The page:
One of the major challenges in reservoir engineering is the accurate description of the reservoir. This description is essential in all aspects of petroleum engineering, and is typically achieved through reservoir characterization by integrating various kinds of information obtained from the reservoir. One reliable source of reservoir information is well testing. Analysis of well tests, especially interference tests in horizontal wells could be very complex but effective in that rock matrix intersected by pressure response cover wider area of the reservoir. This study extends previous studies on horizontal-well interference testing by applying a modified function for the dimensionless pressure at the horizontal observation well. The work investigates the effects of well lengths, directional permeabilities, and separation distances between active and observation wells on the pressure response at the horizontal observation well. Multiple active horizontal wells have been studied using the superposition principle by considering the influence of the number of active wells, locations and timing of activities of active wells on the pressure responses at a horizontal observation well. Field data have been used to validate the findings of this study and to estimate the equivalent observation points using known correlations. The results obtained from this work can be applied in well placement decisions during field development as well as in understanding the distortions caused by nearby wells during well tests.
1.1 Overview of Well Testing
Well test analysis or pressure transient testing involves generating and measuring pressure variations with time in the well in order to estimate rock, fluid and well properties. Information that can be estimated from well testing include wellbore volume, damage and improvement; reservoir pressure (initial and average); permeability; porosity; reserves; reservoir and fluid discontinuities; and other related data1. These pieces of information are important in analyzing, improving, and forecasting reservoir performance. Well testing is considered essential in many phases of petroleum engineering. Information from this test helps reservoir engineers analyze performance and predict future production under different operational mechanisms. Production engineers also utilize well test information to effectively combine injection and production wells in order to optimize reservoir performance. There are different well testing techniques such as pressure buildup, pressure drawdown, injectivity, falloff, interference and pulse tests. A single well can be used to perform well tests as well as multiple wells; these can be vertical wells, horizontal wells or a combination of both. This work focuses on interference testing in horizontal wells.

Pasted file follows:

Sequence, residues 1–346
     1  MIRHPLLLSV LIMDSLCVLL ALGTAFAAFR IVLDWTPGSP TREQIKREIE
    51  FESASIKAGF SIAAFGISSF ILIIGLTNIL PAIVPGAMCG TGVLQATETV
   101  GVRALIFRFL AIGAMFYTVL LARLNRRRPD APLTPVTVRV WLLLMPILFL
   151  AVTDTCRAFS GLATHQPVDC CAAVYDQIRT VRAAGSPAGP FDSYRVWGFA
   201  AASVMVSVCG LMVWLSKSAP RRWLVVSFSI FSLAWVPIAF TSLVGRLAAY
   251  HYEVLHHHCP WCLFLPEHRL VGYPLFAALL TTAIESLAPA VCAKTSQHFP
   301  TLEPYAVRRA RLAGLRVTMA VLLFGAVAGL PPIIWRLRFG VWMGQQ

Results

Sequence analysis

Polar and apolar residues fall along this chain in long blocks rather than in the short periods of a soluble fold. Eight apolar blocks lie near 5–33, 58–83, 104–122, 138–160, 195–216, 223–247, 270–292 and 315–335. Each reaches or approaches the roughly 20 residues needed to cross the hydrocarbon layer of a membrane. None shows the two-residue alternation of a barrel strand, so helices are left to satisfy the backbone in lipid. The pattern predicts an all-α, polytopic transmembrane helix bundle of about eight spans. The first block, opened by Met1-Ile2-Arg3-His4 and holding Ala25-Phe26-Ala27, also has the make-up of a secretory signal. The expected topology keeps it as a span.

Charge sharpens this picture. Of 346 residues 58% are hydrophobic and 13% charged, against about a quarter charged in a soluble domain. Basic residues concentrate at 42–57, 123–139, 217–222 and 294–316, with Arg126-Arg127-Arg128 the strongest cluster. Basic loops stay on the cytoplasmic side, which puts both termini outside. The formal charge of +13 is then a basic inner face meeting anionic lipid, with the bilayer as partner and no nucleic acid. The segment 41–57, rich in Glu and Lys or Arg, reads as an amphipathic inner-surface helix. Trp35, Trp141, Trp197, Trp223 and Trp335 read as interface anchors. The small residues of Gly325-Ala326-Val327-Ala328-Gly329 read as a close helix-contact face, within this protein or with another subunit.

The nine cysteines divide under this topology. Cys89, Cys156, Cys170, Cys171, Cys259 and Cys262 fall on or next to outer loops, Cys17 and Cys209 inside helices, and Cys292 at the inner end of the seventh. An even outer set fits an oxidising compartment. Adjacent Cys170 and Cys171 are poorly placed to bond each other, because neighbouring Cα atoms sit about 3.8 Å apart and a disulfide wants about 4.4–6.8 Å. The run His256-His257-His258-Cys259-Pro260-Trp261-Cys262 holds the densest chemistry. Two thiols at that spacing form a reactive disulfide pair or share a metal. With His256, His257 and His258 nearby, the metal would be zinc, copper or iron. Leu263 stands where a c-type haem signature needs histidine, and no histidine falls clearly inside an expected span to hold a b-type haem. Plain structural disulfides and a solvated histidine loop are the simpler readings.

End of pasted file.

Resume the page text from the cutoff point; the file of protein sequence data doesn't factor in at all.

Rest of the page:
1.1.1 Interference Tests
When one well is shut-in and its pressure is measured while other wells in the reservoir are produced, the test is termed an interference test. The name comes from the fact that the pressure drop caused by the producing well(s) at the shut-in observation well “interferes with” the pressure at the observation well2. For this test, long duration rate modification in one well creates pressure interference in an observation well which can be analyzed for required reservoir properties.
1.1.2 Pulse Tests
Pulse Testing belongs to the family of multi-well testing methods. It requires the introduction of flow disturbances into a reservoir by alternately increasing and decreasing the flow rate at an active or pulsing well3. The effects of these shorter-rate pulses are investigated at the observation well. Each pulse can be an alternating period of production (or injection) and shut-in, with the same rate during each production or injection period.
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